If climate change will affect wine as noted above, how would the carbon tax impact the industry? Well, the modern globally-integrated wine industry has a substantial carbon footprint and a carbon tax would be a big shock. Even firms that are carbon neutral in the vineyard and cellar face the fact that the supply chain is a problem.

Take glass bottles, for example. Glass of course takes a lot of energy to make, which is an important issue, but that’s not the end of the story. The U.S. wine industry is dependent on glass bottle imports from China. The ships that carry containers full of glass bottles are significant sources of pollution. Transportation from bottling plant to warehouse to retailer to consumer adds to the carbon footprint, too.

Beer and spirits might well be less affected by a carbon tax since they can more efficiently be produced close to major markets using ingredients such as grains that can be shipped efficiently by rail. The fact that wine is mainly produced close to the agricultural source and then shipped to far away markets is a disadvantage in a carbon tax system compared with products where weight and bulk (in the form of water) can be added closer to the final consumer.

Need to Do More

I have obviously just scratched the surface here, both in terms of the broader impact of climate change on the wine industry’s economic environment and the potential impacts of policies designed to resist or reverse current trends. But I hope my point clear. The impact of climate change on your wine business goes beyond what you see in your vineyard or cellar and the cost of inaction now in terms of future consequences is likely to be pretty high.

Climate change creates losers and some winners and the policies that are eventually adopted to deal with it will be the same. It is difficult to imagine a scenario where wine will be among the winners and we can already see the negative effects. It’s time to join Miguel Torres and the Porto Protocol team who ask us all to do more.

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An earlier version of this article made referenced to a report in The Drinks Business about Richard Smart’s views about climate change and hybrid grapes. Smart disagreed with the way his views were reported and the interview was removed. Here is the explanation.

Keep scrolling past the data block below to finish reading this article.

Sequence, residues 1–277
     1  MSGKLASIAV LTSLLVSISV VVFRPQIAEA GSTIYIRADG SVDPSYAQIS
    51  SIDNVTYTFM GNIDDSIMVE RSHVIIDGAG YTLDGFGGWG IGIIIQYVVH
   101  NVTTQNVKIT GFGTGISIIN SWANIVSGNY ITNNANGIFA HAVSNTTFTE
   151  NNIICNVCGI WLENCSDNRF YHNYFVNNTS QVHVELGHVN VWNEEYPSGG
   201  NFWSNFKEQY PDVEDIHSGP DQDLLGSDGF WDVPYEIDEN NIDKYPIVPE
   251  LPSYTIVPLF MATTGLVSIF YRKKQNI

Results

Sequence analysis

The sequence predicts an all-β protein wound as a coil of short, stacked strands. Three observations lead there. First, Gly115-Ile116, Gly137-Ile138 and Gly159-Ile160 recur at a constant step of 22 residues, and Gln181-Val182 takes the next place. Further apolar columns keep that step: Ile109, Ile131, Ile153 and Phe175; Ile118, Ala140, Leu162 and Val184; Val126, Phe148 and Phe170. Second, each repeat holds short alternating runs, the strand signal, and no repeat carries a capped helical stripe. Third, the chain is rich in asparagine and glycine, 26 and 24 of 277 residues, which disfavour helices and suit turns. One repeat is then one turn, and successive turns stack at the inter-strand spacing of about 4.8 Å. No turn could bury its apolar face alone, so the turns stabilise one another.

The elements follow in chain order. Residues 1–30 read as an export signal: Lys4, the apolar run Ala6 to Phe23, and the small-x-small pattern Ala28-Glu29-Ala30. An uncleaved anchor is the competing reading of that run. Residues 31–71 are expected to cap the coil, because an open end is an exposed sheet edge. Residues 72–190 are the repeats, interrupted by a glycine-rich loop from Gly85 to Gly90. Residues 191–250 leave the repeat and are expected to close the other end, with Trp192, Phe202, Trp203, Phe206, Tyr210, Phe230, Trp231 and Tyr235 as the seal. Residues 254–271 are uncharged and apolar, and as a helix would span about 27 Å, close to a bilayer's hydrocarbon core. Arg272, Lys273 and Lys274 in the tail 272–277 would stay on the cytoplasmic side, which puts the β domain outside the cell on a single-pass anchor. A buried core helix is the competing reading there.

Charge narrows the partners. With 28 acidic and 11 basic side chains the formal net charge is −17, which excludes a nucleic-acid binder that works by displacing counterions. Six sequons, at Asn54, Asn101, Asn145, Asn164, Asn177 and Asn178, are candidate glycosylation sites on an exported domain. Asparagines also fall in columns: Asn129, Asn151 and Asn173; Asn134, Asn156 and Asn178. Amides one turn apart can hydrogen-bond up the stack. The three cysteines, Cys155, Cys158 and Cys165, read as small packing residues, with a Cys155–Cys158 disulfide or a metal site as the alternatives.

Which Wine? Navigating the Retail Wine Wall’s Fluid Map

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What’s the best way to organize supermarket products to facilitate consumer purchases? Over in the canned vegetable aisle, the system is pretty simple. All the canned green beans there. All the canned corn here. Easy to find what you want. Easy to compare.

Over in the breakfast cereal aisle an entirely different geography applies. The corn flakes are found here, there, and elsewhere, not all in one spot. That’s because most of the products are organized by producer. All the Post cereals here, all the Chex products over there.

Thousands of SKUs?

I have been trying to figure out what works best for wine for quite some time, but I am still a bit stumped. The wine wall, the name I have given to the space where wines are put on display, probably has the greatest number of SKUs of any single section of an upscale grocery store. You will find 1000-2000 in many stores today and the big box alcohol superstores like Total Wine and BevMo have about 5000 wine choices at any given time.

So much choice! Consumers need all the help they can get to navigate this crowded retail archipelago.

Canned Veg + United Nations

I used to think that I knew the wine wall map and I wrote about it in my 2011 book Wine WarsThe domestic wines are often arranged like the canned veg aisle — all the Zinfandel here, all the Pinot Noir there. Imports are mapped like the United Nations. France, Italy, Germany, and so on. Sometimes groups of countries get lumped together (Spain + Portugal, Chile + Argentina). I have seen the entire southern hemisphere reduced to a couple of shelves. Ouch!

There is often a sort of Siberia over in the corner for “other” wines, sweet, fortified, alcohol-free, kosher, organic, and so on. Sparkling wines from wherever are all collected together in one place, something that is often true of Rosé wines, too. Alternative packaging rates its own section with box wine and now also canned wines holding forth. You will also find smaller wine displays here and there in the store — near the cheese, meat, fish, and deli counters, for example. Wine, wine, everywhere. Organized chaos!

QWERTY and the Wine Wall

There are lots of variations on this canned veg – United Nations system, so your favorite store is probably a bit different. But does the general outline sound familiar?

This is the hybrid system I know best, but I don’t think it works very well. It is a bit like your computer keyboard. The QWERTY layout is familiar, but inefficient. It was originally designed to slow down users in order to prevent them jamming the mechanism. Now it is the industry standard.